You were also selected as a US Presidential Scholar in the Arts this year. What was the journey like to getting selected for that?
I first applied to YoungArts after my first year participating in Spotlight. I was chosen to be a finalist, which means I got to go to Miami for a week, called YoungArts Week. I got to meet a bunch of other amazing musicians and actors and dancers and other amazing artists. That was a very inspiring week.
The next year, when I became a senior, they asked me if I wanted to audition again for the panel of judges to see if I could be nominated for a Presidential Scholar in the Arts. I went for another few days to Miami and auditioned for them. After that, I heard back in a couple of months that I had been nominated and that the rest of the process was up to the Presidential Scholars committee in DC.
I was chosen, which is pretty amazing. At the end of June, I’ll be going to DC. I’ll be receiving a medallion, I think, and getting to perform with the other Presidential Scholar in the Arts at the Kennedy Center, which is a huge honor. That’s our culminating performance. I get to meet the President and meet the other Presidential Scholars.
How did you feel when you found out?
I was in school. I had just gotten out of my first class, which was an AP computer science class. I remember opening up my phone and seeing my lock screen and the notification on, I think, my Instagram. I was very overwhelmed. I was super elated about getting chosen because this process has been pretty long. We hadn’t been informed throughout and I hadn’t heard back for a couple of months. It was kind of a shock. I wasn’t expecting it at all, but it was a good shock.
What are some of your hobbies outside music?
Until last year I used to fence. It was fun. It was a very intellectually and physically engaging sport, which I really enjoyed. I loved the team aspect to it as well because at school you have the whole fencing team. Everyone is super encouraging.
Outside of that, I do a lot of community service as well. I’m the president of my school’s Interact Club, which is under Rotary International. We’ve been doing a lot of local and international service projects affiliated with Pasadena Rotary. For the past two years that’s been a very enriching experience.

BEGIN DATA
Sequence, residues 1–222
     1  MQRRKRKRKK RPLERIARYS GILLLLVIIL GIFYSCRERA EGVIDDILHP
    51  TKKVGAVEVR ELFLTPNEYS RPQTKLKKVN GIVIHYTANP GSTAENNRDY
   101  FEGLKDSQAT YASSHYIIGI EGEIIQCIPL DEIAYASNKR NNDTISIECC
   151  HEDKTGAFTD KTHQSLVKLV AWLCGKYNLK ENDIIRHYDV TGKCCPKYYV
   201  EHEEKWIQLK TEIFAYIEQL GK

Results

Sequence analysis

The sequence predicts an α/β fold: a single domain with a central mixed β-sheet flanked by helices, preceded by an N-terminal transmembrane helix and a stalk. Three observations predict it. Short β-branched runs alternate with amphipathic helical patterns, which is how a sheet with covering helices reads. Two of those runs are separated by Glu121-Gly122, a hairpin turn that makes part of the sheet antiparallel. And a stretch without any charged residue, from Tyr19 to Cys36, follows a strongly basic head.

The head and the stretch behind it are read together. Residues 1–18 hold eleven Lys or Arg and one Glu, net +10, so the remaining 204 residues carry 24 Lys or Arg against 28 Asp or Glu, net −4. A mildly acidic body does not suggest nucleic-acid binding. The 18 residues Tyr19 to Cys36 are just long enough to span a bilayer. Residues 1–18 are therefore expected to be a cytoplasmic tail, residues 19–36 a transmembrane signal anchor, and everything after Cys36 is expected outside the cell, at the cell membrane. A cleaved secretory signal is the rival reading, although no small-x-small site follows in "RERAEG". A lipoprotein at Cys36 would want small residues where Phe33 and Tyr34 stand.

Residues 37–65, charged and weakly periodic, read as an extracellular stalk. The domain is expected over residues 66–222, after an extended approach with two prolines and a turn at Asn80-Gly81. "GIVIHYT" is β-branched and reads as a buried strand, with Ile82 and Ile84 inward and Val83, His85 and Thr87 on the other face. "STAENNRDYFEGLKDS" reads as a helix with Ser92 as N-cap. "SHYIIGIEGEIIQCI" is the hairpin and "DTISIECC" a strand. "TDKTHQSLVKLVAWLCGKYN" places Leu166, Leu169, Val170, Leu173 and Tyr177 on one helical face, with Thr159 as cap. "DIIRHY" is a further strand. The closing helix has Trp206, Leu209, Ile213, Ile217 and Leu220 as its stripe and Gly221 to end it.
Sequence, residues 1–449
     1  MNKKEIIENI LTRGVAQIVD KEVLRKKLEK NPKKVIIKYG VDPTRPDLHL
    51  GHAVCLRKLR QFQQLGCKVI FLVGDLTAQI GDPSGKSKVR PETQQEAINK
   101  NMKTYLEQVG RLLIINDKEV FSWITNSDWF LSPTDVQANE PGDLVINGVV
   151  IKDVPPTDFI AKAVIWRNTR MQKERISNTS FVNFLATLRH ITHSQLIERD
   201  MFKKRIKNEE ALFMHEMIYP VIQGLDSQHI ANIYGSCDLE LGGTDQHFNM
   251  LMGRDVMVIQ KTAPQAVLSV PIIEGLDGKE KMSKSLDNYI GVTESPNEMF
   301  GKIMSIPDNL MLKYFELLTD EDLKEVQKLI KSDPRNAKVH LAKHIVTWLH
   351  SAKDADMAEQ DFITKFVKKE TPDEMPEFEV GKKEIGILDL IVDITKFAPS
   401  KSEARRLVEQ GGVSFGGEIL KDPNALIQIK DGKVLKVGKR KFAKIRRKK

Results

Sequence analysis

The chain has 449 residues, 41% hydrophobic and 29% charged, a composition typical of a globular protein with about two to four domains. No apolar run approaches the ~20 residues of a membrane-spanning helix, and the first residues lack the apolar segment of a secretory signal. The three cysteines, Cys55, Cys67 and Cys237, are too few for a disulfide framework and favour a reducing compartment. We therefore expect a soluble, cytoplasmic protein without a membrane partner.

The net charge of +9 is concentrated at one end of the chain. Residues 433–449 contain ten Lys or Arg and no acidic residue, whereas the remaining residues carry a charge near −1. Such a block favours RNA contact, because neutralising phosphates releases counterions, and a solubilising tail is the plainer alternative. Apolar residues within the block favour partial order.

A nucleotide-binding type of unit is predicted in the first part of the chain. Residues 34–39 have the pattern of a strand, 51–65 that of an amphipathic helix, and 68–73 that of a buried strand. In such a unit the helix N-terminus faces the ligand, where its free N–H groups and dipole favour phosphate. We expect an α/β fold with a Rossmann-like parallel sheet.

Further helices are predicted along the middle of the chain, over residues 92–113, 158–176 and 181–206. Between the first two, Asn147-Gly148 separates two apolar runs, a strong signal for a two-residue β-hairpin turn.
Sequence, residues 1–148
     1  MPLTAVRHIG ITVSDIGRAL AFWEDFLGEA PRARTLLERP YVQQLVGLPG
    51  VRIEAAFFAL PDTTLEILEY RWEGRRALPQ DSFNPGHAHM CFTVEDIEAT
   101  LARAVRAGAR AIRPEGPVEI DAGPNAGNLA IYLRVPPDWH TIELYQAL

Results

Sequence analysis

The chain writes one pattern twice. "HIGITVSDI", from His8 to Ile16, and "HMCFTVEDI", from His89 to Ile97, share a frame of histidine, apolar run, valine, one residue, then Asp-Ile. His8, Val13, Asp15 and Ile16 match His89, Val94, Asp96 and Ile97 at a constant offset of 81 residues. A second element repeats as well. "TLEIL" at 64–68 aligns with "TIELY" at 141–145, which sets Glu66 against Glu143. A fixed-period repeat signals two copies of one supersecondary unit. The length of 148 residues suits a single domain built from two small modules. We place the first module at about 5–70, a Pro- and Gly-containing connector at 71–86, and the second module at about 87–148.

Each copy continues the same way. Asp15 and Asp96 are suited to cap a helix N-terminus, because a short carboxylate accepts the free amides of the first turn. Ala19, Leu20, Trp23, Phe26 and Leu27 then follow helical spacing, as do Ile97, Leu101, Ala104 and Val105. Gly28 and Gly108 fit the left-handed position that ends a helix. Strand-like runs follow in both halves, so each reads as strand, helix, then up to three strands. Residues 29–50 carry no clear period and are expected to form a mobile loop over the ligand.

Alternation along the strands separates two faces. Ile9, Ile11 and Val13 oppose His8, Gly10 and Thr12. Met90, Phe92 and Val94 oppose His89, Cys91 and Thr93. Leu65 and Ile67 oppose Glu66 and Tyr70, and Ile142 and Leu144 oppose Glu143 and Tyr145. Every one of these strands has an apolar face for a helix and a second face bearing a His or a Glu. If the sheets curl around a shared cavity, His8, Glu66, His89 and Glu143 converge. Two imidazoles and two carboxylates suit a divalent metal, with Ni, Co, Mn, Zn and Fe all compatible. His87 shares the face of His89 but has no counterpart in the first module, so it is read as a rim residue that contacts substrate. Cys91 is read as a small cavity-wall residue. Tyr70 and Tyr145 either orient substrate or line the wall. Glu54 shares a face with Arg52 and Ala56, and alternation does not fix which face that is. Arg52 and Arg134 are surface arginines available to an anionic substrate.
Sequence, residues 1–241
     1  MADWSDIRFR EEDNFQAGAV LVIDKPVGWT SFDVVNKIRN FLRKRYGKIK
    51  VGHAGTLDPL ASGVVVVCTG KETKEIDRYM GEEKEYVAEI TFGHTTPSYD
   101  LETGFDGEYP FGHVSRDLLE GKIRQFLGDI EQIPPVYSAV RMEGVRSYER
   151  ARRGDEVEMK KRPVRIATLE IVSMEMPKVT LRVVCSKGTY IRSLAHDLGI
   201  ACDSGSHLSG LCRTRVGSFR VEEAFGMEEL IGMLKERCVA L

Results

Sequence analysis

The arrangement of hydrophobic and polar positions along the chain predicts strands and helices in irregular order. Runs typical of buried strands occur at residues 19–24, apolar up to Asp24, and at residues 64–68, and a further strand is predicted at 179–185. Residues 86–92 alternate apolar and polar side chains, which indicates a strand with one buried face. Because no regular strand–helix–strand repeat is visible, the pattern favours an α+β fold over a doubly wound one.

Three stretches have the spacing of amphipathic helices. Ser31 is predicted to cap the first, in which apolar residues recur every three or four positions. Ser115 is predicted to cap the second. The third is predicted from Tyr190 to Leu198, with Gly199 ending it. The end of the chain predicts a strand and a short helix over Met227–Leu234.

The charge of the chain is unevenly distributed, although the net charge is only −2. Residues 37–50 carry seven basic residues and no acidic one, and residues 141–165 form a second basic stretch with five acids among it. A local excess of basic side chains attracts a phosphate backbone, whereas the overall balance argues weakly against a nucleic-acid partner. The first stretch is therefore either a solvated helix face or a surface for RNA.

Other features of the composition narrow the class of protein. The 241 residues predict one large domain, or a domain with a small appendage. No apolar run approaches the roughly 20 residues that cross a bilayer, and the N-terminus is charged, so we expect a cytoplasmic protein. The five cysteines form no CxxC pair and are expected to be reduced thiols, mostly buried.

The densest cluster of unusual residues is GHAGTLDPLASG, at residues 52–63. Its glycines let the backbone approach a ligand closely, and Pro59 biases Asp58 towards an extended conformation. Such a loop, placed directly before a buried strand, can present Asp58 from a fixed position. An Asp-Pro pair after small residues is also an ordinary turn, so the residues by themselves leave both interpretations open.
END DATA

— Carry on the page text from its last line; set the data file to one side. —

I also learn Chinese at my school. I really enjoy learning the language because I just think it’s fascinating. I am Korean-American myself and I’m fluent in Korean because my parents speak Korean at home, but it’s been interesting learning another Asian language.
Where are you headed to next year?
Next year I’m going to be attending Yale. I’m really excited for that. It’s been my dream school for a while now and I’m really excited to expand my academic knowledge and also grow as a musician. Yale has a pretty great music program so I’m excited to see what the future has in store for me.
I’ll probably be studying an academic subject for my major. I’m currently interested in the more STEM subjects. I applied for a neuroscience because I did some research outside of school the summer before my senior year at Caltech and I found the research really fascinating. I’m hoping to explore more of that in college. I’m going to be continuing music in college on the side, taking lessons from the harp teacher there, possibly participating in the orchestra. My goal is, perhaps after college, I’ll be able to attend a music school like Juilliard.